• Ground Pork – First up is ground pork. These are the main ingredients of making longganisa, so the best quality of ground pork should be used. The best longganisa needs fat as well as lean meat for flavor and juiciness. 
  • Paprika – this has essential participation in making your longganisa. It is principally used to make it seasoned and colored a meat product like this. Paprika is also loaded in nutrition. It is suitable for promoting healthy vision, reduces inflammation, blood sugar control, and has anti-cancer effects. Good to know that this belongs to our longganisa. 
  • Garlic – this is a versatile herb that is almost present in every culinary dish or meal. It is a good pair with other seasonings in your skinless longganisa. This dish is not complete if you disregard it as it gives intense flavors to your longganisa. You can add garlic flavor if you don’t have gloves, but remember nothing compares the taste of natural ones.
  • Sugar – the brown sugar is used in making skinless longganisa as it gives a more natural sweetness to the dish, unlike the white one. It provides sweetness to extend freshness in your recipe. Filipino prefer more of it as their taste preferences. Sugar also is responsible for the browning reaction of a particular dish. That’s why the moment you add it into the mixture, your longganisa turns brown.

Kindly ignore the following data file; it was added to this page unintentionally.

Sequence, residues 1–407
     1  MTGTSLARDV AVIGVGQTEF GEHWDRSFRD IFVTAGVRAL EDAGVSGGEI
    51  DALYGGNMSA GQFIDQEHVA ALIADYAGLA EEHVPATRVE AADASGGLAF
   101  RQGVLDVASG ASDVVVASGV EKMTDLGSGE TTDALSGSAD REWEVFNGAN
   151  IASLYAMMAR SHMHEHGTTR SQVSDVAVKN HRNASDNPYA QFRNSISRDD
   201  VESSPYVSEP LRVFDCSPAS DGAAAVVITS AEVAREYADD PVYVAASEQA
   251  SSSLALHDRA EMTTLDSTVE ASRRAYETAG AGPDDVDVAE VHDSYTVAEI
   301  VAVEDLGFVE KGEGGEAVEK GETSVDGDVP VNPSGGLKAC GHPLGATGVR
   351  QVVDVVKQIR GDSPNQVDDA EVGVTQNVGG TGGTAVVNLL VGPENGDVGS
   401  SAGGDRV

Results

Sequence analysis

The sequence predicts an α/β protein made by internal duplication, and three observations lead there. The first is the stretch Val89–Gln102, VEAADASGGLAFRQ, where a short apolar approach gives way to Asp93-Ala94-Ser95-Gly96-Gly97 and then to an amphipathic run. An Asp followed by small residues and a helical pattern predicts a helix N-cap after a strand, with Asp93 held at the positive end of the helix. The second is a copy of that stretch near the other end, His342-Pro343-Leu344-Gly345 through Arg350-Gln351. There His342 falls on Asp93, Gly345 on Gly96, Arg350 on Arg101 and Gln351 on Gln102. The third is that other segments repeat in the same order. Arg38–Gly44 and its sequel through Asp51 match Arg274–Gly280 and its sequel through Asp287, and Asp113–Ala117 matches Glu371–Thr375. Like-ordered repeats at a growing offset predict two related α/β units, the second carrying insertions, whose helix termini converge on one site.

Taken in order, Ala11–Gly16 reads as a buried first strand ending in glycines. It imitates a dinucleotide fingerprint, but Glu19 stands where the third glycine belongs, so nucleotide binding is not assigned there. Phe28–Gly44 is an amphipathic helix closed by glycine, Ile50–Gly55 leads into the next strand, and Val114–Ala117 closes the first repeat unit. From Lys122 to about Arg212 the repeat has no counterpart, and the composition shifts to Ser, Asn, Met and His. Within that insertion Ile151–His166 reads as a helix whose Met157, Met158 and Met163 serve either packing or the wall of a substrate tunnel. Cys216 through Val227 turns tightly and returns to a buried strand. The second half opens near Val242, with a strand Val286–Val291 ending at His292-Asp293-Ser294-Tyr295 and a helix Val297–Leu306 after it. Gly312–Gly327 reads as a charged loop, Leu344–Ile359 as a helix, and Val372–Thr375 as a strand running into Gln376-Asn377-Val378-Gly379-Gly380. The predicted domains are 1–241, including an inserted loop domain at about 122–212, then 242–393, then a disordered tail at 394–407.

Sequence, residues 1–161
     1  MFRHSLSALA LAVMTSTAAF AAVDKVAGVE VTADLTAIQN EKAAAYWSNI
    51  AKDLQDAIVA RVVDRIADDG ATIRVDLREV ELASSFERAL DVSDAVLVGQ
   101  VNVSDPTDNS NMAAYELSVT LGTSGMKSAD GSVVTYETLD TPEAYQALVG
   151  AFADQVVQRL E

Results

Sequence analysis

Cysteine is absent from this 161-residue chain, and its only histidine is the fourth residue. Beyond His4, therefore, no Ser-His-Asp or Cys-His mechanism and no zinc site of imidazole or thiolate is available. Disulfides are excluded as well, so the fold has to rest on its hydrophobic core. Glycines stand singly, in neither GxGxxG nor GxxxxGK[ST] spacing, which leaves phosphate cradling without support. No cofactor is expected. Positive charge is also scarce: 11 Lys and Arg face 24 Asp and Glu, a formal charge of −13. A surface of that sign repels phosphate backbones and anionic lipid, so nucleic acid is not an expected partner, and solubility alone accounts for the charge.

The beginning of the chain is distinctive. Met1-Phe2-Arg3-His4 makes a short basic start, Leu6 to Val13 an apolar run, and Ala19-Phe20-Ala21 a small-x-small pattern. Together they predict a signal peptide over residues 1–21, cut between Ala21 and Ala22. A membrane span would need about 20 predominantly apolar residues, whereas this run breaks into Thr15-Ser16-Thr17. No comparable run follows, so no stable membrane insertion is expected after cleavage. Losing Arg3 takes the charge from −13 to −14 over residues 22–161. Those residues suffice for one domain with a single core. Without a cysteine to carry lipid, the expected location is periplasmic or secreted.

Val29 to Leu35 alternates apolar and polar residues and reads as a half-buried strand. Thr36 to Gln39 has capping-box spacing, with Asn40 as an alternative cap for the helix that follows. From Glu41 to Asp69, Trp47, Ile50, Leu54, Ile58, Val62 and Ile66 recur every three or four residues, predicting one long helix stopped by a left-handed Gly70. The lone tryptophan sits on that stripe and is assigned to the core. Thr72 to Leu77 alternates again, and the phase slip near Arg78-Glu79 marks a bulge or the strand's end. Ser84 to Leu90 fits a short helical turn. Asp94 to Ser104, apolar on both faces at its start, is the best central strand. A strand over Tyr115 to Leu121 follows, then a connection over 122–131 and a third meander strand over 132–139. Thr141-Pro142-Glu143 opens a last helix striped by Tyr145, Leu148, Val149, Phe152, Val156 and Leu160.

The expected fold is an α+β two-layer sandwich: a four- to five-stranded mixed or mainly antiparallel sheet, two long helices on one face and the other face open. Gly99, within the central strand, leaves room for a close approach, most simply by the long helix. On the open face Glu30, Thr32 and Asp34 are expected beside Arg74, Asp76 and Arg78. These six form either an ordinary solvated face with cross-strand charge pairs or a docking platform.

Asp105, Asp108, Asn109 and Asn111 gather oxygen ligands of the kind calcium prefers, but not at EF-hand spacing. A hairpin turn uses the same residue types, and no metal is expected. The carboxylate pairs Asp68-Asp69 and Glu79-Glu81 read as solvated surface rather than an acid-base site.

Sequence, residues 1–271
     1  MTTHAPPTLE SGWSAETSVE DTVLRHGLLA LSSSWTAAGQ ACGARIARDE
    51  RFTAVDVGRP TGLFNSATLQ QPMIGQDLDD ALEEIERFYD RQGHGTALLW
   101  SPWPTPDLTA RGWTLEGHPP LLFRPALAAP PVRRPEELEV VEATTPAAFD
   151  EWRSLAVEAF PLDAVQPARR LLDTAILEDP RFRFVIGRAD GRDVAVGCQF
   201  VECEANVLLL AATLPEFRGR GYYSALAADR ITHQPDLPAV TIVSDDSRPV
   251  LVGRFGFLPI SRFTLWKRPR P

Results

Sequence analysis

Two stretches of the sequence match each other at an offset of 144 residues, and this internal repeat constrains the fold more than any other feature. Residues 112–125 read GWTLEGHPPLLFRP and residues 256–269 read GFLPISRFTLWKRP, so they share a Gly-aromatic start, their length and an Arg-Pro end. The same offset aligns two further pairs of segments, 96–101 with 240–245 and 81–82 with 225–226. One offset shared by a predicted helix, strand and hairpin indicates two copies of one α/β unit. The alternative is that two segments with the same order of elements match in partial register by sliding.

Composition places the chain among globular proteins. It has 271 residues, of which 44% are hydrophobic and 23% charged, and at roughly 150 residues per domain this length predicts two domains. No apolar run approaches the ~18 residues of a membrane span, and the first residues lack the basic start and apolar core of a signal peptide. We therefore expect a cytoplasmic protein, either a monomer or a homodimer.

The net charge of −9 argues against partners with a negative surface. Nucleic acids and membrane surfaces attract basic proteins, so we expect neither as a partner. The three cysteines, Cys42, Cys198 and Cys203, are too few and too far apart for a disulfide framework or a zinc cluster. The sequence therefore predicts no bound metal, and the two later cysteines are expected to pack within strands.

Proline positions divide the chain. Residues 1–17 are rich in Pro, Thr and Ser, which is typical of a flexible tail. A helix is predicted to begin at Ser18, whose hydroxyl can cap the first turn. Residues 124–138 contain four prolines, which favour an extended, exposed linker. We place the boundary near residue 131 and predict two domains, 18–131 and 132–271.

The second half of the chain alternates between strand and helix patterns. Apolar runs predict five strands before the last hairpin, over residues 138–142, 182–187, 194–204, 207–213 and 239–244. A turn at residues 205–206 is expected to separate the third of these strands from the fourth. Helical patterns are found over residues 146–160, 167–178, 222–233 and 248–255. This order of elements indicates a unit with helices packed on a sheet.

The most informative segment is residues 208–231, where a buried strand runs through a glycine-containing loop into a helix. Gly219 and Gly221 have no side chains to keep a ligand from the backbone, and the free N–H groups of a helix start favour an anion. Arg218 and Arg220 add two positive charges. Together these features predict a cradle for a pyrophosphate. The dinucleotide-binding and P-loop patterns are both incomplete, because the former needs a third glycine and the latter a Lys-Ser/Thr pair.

• Salt – First and foremost, salt is used for seasoning to enhance the taste of the food; it is also the same way in making your skinless longganisa.It makes bland foods such as with carbohydrates and fat content food like this dish. It is essential as it also preserves our longganisa and brings out the natural flavors of the other ingredients.
  • Cooking Oil – is essential in the cooking process, such as preheating the pan and frying the longganisa. It is crucial that when reheating the pan, don’t use excessive cooking oil, and as you put your longganisa on the pan, flip it now and then, so it is well cooked (outer and inner). 
  • Ground Black Pepper – this seasonig is also essential in making your longganisa extend its flavors. Like paprika, it contributes to enough spice that the dish requires. It also carries proper nutrition as it has positive effects on stomach functions, especially to those who have poor digestion. Good to know it is present here. 
  • All-purpose Flour – these are only optional if you want your skinless longganisa to be more intact and firm, then add it. If it is not available, kindly use cornstarch as a substitute. 
  • Water – of course, your dish will not be complete without this solvent. It is used to hydrate, give moist and juiciness to your meal. Just remember that pour only suggests an amount because the excessive water gives a wet texture in your mixture and will spoil it eventually.